from selenium import webdriver from shutil import which from selenium.webdriver.common.keys import Keys driver = which('geckodriver.exe') browser = webdriver.Firefox(executable_path=driver) browser.get('https://www.seleniumeasy.com/test/basic-first-form-demo.html') input_element = browser.find_element_by_id('user-message') input_element.send_keys('Check out this great message!') show_message_button = browser.find_element_by_xpath('//*[@id="get-input"]/button') show_message_button.click()
After running the test, we see the browser has successfully taken the actions we programmed. The text was entered, the button clicked, and the message displayed.
WebElement Attributes and Methods
This brings us to a discussion of the attributes and methods of web elements. Once an element is selected via selenium and assigned to a variable, that variable now has attributes and methods we can use to programmatically take action. This is how we are able to use things like .send_keys() and .click(). Here is a list of some of the commonly used WebElements.
Simulates typing into the element.
– value – A string for typing, or setting form fields. For setting file inputs, this could be a local file path.
Use this to send simple key events or to fill out form fields
form_textfield = browser.find_element_by_name('username') form_textfield.send_keys("admin")
This can also be used to set file inputs.
file_input = browser.find_element_by_name('profilePic') file_input.send_keys("path/to/profilepic.gif")
Clicks the selected element.
Submits a form.
Gets the given attribute or property of the element.
This method will first try to return the value of a property with the given name. If a property with that name doesn’t exist, it returns the value of the attribute with the same name. If there’s no attribute with that name, None is returned.
Values which are considered truthy, that is equals “true” or “false”, are returned as booleans. All other non-None values are returned as strings. For attributes or properties which do not exist, None is returned.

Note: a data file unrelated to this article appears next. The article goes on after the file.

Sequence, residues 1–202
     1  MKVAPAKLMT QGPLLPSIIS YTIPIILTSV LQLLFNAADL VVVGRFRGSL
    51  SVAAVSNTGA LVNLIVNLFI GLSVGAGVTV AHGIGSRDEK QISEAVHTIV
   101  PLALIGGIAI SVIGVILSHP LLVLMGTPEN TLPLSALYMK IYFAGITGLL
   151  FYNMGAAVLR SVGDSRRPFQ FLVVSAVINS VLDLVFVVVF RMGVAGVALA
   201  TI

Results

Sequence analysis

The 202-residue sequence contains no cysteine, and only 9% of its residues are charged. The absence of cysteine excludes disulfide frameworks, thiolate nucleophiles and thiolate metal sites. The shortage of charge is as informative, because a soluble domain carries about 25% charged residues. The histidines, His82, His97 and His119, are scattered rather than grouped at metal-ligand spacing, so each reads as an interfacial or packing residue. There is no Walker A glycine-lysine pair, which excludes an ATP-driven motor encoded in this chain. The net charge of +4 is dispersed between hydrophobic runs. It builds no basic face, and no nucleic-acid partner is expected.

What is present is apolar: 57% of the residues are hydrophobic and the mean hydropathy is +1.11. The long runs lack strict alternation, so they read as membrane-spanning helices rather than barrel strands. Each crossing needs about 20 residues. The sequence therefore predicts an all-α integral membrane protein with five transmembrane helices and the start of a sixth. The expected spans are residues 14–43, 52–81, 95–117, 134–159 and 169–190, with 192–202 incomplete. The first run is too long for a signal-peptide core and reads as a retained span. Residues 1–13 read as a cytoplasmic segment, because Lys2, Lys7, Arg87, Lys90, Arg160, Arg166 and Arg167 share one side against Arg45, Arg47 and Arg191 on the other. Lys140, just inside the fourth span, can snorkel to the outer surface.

– name – Name of the attribute/property to retrieve.
# Check if the "active" CSS class is applied to an element. is_active = "active" in target_element.get_attribute("class")
Clears the text if it’s a text entry element.
Gets the given property of the element.
– name – Name of the property to retrieve.
text_length = target_element.get_property("text_length")
Whether the element is visible to a user.
Returns whether the element is enabled.
Returns whether the element is selected. Can be used to check if a checkbox or radio button is selected.
The text within the element, such as ‘hello’ in <span>hello</span>
The id of the tag.
The tag name, such as ‘li’ for an <li> element
Two Inputs And A Buton Click
Here is another example from the selenium easy website. In this exercise, we want to create a python script that uses selenium to enter a value for two distinct input fields, then click a button on the page to operate on the values entered into the two input fields.
For the solution to this test, we are going to run Firefox in headless mode. We will use selenium to enter a number in inputs one and two, then click a button to add the two together. Lastly, we will use selenium to find the result on the page and print it out in the Python script. If the numbers add up to what we expect, then we know the test worked, no launching of a browser needed. When the script is run, we see the output of 17. So we know it worked since we would expect 10 + 7 to = 17.
from selenium import webdriver from shutil import which from selenium.webdriver.common.keys import Keys from selenium.webdriver.firefox.options import Options options = Options() options.headless = True driver = which('geckodriver.exe') browser = webdriver.Firefox(options=options, executable_path=driver) browser.get('https://www.seleniumeasy.com/test/basic-first-form-demo.html') input_element_one = browser.find_element_by_id('sum1') input_element_one.send_keys('10') input_element_two = browser.find_element_by_id('sum2') input_element_two.send_keys('7') get_total_element = browser.find_element_by_xpath('//*[@id="gettotal"]/button') get_total_element.click() result_element = browser.find_element_by_id('displayvalue') print(result_element.text)